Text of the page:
Conservative MP Matt Hancock will appear on I’m A Celebrity… Get Me Out of Here! It’s a disgrace. In a just world, the former Health Secretary would face severe political and criminal consequences for being complicit in the following, a list of spite or stupidity which barely scratches the surface of his crimes:
- The deaths of tens of thousands of disabled people.
- Discharging elderly patients into care homes at the beginning of the pandemic without testing.
- Not providing proper PPE for NHS staff.
- Confusing messaging put people in danger and made enforcement difficult.
- Forcing DNR orders on disabled people.
- Undermining social distancing rules.
He lied. He lied. He lied. He lied.
Laugh. Cry. Be white hot with anger. This is the world we live in.
But now he gets to revise and cleanse his character through light entertainment. A process which will transform him into the pantomime villain which bellies and minimizes the real-world horror of his offences.
A little light profiteering. From the misery, he helped to manufacture. It’s the Tory DNA.
We naturally want to watch him suffer through weeks of eating fisheyes and intense hunger, but he’s banking on that. After all, the last time he had an audience of this size, he was selling his soul to the devil with the aid of naff ineffectual slogans and a vacant stare.
Better to be the affable person meme’d to death for eating a cow’s nipple than be remembered as the bloke whose actions directly contributed to an old lady’s demise – Ant and Dec’s cheeky banter and the cosy time bonding around the campfire will smooth over the latter.
Matt Hancock, you are a disgrace. The product of a wretched system.
Once again, we should be perplexed and repulsed by current British politics. A system which dictates that Matt Hancock should lose the Tory whip for appearing on I’m a Celeb but not for his incompetence and arrogance, which facilitated people’s deaths.
This appearance might be the most distinguished, significant contribution such a man can make to public life. It’s honest work—a concept as foreign to Matt Hancock as fidelity. Or humanity.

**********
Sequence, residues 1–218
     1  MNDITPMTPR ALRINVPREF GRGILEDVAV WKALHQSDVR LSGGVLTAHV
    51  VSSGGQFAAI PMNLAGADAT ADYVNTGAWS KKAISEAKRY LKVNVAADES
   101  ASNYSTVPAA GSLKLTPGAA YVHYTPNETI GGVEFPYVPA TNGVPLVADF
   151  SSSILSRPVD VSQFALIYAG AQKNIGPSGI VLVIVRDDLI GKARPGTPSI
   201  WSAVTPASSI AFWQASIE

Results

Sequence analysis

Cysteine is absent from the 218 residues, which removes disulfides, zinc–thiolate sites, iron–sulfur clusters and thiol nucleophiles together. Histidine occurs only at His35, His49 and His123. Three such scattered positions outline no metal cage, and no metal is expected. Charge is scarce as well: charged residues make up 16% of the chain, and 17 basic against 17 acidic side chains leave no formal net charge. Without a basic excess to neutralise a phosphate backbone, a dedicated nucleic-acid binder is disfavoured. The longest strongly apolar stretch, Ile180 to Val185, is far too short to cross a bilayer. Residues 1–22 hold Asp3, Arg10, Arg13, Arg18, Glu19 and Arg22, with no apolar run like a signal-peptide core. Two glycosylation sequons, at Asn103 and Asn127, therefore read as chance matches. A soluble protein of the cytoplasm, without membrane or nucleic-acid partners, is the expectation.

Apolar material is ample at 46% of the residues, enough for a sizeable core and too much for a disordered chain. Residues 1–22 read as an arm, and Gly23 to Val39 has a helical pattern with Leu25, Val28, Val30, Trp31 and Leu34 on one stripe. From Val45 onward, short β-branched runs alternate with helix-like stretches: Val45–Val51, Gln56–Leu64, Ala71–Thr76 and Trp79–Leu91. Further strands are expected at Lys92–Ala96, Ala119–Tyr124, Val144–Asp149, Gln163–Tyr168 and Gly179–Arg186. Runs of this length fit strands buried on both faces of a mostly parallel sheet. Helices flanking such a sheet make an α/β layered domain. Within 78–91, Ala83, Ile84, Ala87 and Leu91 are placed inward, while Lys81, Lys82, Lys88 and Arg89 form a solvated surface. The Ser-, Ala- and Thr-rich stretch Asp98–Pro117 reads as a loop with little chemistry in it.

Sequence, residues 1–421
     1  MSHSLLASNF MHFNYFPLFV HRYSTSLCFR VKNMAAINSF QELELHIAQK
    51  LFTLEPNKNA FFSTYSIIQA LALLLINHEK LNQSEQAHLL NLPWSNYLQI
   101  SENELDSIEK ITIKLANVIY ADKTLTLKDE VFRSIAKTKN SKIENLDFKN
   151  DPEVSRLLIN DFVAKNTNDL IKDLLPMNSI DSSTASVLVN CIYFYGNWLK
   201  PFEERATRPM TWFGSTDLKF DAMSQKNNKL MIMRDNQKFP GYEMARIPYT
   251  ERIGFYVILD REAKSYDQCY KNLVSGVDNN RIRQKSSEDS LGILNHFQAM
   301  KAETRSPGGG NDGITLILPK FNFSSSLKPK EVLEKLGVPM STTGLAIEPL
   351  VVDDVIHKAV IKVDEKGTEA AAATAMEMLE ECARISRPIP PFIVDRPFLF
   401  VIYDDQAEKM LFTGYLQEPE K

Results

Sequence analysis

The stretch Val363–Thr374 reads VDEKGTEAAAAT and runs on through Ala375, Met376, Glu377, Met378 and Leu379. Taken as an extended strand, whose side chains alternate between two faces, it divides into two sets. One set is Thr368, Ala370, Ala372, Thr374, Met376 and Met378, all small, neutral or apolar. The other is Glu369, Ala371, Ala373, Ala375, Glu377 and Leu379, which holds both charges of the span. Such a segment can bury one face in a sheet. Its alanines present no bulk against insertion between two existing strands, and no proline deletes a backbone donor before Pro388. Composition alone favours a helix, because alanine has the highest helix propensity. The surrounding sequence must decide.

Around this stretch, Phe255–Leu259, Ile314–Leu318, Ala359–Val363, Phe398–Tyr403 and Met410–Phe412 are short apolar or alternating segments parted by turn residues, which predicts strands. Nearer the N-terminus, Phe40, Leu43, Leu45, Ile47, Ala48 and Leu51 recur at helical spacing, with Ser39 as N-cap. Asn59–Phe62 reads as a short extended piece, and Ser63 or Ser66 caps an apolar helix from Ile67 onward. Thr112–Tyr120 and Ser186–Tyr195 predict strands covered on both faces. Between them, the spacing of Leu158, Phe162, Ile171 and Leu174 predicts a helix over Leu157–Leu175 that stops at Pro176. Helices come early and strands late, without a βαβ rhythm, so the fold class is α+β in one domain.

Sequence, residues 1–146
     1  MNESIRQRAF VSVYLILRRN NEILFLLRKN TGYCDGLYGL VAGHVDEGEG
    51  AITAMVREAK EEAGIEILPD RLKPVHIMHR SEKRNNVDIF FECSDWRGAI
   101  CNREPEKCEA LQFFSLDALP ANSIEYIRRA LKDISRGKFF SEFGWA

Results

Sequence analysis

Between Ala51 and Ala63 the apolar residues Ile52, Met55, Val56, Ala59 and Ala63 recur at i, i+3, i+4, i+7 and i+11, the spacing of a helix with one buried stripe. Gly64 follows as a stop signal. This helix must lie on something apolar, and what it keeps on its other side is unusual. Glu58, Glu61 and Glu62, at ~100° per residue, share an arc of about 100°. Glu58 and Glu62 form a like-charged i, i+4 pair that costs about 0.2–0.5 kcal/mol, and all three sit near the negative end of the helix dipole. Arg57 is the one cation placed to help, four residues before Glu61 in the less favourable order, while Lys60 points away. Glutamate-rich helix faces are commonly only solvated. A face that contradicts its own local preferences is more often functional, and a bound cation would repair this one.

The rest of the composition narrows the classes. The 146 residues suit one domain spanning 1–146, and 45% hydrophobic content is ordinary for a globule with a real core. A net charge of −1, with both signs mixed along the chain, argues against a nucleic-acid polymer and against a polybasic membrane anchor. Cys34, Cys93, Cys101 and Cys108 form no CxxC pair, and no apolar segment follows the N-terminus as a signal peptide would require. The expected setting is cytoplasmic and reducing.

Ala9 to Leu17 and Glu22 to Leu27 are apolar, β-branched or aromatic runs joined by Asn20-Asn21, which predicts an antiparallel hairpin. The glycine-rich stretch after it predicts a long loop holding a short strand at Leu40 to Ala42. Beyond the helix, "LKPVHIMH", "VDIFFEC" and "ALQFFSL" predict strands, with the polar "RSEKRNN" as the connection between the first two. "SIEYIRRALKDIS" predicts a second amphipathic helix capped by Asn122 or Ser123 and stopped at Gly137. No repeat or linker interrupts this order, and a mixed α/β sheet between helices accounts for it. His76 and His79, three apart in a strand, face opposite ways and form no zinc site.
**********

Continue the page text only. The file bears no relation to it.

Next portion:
Families have a right to hear about the decisions that have changed their lives forever in a public COVID inquiry, not a tell-all memoir which he plans to flog. Or he can choose to share tales and snippets on a reality television show. So, what does it say about ITV that this is their not-so-secret hope? It’s a morbid, exploitative strategy – they are no better than him.
Imagine being a viewer directly impacted by COVID-19, hearing Matt Hancock give his version of events, perspective, and justifications in the middle of the Australian jungle broadcast to the nation.
In a just world, Matt Hancock’s political career would be over – many are claiming it is, but he can still go back. After all, his greatest moral failing isn’t that he was complicit in the death of someone’s grandmother – it’s that he’s becoming a reality television star and abandoning his constituents – although they might be grateful for the break.
As Lobby Akinnola, from the Covid-19 Bereaved Families for Justice campaign. Said: “The fact that he is trying to cash in on his terrible legacy, rather than showing some humility or seeking to reflect on the appalling consequences of his time in government, says it all about the sort of person he is.”
Another reason why he wanted to do the show was to continue promoting his work as a Dyslexia ambassador. It’s another way to rehabilitate his public image – and swerve those pesky digs about him murdering, through spite or stupidity, disabled people. This reinvention is not so much a kick in the teeth to disabled people – more a knockout blow to our last nerve.
Let him play the pantomime villain or the affable bloke around the campfire – those bereaved families and the disabled community know what he did – and we will never forget.
No light entertainment rebrands, or calculated rehabilitation can fix Matt Hancock’s core problem and ours. The sort of person he is.
The sort of person the Conservative party encouraged him to be.
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